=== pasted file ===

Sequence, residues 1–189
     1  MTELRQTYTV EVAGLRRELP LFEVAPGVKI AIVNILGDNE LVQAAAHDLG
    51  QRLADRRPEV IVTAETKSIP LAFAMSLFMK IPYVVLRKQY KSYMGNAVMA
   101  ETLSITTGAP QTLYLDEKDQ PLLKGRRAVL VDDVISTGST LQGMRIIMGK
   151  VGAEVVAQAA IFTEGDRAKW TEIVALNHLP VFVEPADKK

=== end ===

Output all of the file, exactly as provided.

Sequence, residues 1–189
     1  MTELRQTYTV EVAGLRRELP LFEVAPGVKI AIVNILGDNE LVQAAAHDLG
    51  QRLADRRPEV IVTAETKSIP LAFAMSLFMK IPYVVLRKQY KSYMGNAVMA
   101  ETLSITTGAP QTLYLDEKDQ PLLKGRRAVL VDDVISTGST LQGMRIIMGK
   151  VGAEVVAQAA IFTEGDRAKW TEIVALNHLP VFVEPADKK